some way accommodate F'ales-
tinian national aspirati<
Now that his book has been
published, Friedman is asked if
he is satisfied with his work.
"I'm at peace with myself.'
he concludes. "This is a contro-
versial book, but it's an honest
book. I said everything on my
mind, didn't pull any punches.
This is a book that will iake
you laugh, cry, angry, sad, but
then that's the real world ...
"I went through three
stages in my life regarding
Continued on Page 7
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Territory Of Lies
Friday, August 4, 1989/The Jewish Floridian Page 3
'&
Blitzer Untangles Pollard Story
By Shoshana Bryen
Executive Director
Jewish Institute
National Security Affairs
Jonathan Pollard's support-
ers liken him to Alfred Dreyfus
and Eli Cohen. His detractors
remind one that Dreyfus was
innocent and Cohen, the legen-
dary Israeli agent who infil-
trated Syrian military intelli-
gence, spied on the enemy.
Everybody knows some-
thing about the Pollard affair,
but Wolf Blitzer, Washington
bureau chief of the Jerusalem
Post, knows more than most
people.
In his book Territory of Lies,
The Exclusive Story of Jona-
than Jay Pollard: The Ameri-
can Who Spied on His Country
for Israel and How He Was
Betrayed, (Harper & Row,
1989, 336 pages), Blitzer chro-
nicles the background, illegal
activities and the trial and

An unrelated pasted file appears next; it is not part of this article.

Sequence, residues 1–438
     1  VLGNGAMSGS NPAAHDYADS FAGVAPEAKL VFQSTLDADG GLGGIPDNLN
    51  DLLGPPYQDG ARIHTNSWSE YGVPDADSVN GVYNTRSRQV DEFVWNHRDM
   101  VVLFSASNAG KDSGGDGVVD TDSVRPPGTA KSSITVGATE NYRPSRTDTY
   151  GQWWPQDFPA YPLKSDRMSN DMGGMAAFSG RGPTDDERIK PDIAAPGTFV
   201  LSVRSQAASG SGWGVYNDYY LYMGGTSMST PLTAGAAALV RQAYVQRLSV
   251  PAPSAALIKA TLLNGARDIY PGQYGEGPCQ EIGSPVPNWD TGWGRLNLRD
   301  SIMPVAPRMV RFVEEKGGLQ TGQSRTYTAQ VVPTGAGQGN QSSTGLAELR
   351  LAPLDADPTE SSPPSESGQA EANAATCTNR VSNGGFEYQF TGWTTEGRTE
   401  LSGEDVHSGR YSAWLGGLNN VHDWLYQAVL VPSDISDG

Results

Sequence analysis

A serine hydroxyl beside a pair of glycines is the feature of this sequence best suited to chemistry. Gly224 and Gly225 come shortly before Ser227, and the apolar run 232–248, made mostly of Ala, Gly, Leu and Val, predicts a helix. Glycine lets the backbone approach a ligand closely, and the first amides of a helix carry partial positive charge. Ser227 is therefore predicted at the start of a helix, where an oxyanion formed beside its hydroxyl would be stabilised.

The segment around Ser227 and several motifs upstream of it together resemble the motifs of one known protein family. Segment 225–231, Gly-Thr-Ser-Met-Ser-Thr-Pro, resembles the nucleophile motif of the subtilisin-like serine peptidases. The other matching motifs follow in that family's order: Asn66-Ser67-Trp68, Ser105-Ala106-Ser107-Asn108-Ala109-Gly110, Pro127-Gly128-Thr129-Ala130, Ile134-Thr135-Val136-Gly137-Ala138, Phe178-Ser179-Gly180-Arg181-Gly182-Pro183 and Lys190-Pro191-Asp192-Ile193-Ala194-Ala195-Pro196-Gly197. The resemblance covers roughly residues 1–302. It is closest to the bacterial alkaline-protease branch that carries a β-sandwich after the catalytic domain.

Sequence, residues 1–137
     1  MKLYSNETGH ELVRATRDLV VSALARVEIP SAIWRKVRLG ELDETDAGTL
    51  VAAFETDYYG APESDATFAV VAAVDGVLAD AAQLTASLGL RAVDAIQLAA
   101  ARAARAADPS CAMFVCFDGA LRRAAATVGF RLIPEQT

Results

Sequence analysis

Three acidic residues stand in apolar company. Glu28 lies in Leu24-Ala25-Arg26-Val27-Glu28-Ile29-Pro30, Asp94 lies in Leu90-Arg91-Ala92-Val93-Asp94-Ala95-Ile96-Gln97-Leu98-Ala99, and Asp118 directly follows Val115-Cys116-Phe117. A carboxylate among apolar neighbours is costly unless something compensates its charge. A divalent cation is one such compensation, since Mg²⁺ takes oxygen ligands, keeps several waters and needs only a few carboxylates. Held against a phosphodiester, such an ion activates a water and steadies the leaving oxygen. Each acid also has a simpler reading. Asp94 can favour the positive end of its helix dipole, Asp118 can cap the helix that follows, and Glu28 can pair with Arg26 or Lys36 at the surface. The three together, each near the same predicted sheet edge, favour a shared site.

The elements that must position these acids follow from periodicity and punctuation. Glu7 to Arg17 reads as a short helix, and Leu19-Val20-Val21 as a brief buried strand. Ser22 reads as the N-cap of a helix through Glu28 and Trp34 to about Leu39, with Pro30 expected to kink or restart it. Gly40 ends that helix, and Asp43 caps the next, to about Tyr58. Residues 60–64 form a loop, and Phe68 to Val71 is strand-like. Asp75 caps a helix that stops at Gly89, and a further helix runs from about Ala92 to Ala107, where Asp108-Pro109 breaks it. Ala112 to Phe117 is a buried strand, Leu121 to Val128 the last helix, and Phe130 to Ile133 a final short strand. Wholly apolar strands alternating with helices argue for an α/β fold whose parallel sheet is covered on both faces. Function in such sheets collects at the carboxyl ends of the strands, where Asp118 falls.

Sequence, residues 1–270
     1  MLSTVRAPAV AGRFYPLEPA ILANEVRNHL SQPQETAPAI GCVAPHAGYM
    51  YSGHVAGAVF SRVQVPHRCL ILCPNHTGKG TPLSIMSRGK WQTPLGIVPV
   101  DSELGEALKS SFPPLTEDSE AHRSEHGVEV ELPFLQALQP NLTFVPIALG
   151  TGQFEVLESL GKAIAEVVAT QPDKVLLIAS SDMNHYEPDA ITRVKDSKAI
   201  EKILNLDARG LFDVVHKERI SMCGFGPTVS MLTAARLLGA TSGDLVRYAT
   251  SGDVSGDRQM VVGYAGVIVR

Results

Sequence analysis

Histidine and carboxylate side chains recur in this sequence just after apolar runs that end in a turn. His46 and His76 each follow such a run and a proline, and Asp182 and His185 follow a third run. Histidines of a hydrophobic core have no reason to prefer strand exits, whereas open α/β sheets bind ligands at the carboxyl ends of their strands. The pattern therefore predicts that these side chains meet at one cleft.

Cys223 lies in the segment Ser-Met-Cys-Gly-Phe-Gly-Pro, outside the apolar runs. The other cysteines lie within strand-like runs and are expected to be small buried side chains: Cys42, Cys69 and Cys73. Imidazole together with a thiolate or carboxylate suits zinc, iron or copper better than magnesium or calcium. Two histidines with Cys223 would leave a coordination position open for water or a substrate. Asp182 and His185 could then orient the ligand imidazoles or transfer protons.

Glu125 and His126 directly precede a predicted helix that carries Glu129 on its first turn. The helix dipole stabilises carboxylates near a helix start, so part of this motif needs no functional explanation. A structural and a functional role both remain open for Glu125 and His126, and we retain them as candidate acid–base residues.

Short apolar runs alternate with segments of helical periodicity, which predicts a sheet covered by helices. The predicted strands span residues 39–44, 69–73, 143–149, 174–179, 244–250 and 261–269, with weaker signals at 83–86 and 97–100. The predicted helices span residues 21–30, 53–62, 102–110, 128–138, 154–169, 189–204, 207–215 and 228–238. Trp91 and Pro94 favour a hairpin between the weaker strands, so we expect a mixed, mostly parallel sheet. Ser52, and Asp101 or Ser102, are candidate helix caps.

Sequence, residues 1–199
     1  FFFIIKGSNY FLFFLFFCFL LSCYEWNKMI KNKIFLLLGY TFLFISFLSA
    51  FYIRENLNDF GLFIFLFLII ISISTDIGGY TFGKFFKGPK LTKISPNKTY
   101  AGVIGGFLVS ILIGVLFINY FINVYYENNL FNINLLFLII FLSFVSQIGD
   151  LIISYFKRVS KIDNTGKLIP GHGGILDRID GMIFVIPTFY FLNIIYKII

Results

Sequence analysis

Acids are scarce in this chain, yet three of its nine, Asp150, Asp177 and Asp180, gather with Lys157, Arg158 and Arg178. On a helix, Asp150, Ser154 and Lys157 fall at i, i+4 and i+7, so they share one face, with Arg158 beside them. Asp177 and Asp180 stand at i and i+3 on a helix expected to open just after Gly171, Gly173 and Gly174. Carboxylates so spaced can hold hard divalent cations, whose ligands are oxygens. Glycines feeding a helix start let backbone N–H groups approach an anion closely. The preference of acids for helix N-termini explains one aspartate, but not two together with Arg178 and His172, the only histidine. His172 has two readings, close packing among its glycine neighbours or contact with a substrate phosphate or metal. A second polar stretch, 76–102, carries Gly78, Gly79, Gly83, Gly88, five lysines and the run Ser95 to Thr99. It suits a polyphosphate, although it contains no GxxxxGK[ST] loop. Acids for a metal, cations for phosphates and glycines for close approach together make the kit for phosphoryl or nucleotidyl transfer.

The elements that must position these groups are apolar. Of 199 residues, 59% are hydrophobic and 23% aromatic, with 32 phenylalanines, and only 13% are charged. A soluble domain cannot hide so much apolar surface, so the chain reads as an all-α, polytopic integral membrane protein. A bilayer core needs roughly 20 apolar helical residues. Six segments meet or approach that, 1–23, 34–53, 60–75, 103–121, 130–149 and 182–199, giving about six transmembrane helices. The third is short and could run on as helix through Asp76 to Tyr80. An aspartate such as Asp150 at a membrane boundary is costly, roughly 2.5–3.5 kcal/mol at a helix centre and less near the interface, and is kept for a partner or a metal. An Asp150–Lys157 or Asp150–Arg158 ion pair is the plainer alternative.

sentencing of the spy. Relying
heavily on Pollard's own words
in interview and letters, he
shows us that Pollard was nei-
ther Cohen nor Benedict
Arnold; Dreyfus nor John Wal-
ker. Pollard was the ultimate
rationalizer, the ultimate fan-
tasizer, the arrogant con artist
who made himself believe that
he could single handedly, clan-
destinely, determine the
boundaries of American and
Israeli intelligence coopera-
tioni; specifically that he could
buttress Israel's security with
vast U.S. intelligence data
without injuring the United
States.
Oddly, disturbingly, while
reading, one might understand
some of what motivated Pol-
lard: his belief in the perva-
siveness of American anti
Semitism, his view of Israel's
security, his background in
American Zionism with its
ambivalent attitude toward
aliyah, and his desire to help
Israel personally, directly,
without actually leaving the
United States.
But to understand is not to
condone. After understanding,
most of us can still separate
fact from fantasy, right from
wrong and he could not.
In addition to the picture of
Pollard, Blitzer provides us
with a look at the world of
espionage and we learn some
of the rules which pertain
among friends and among ene-
mies. We also see how, despite
wide areas of common security
interest, Israel and the United
States sometimes hold differ-
ent assessments of their
defense requirements.
It is clear that amateurs
should not muck around in
these waters; it is unclear why
the Israelis allowed Pollard to
do so for so long. The chapters
"The Corruption of Jonathan
Jay Pollard" and "Friendly
Espionage" are must reading.
"The Weinberger Memo"
chapter is understandly disap-
pointing, since so much of the
material is unreleasable. But
Camela Kalmanson
Linda Minkes
Kalmanson Elected
To Second Term
Carmela Efros Kalmanson
of West Hempstead, has been
elected to her second term as
national president of Hadas-
sah, the Women's Zionist
Organization of America.
Newly elected national vice
presidents are Sophie Fried-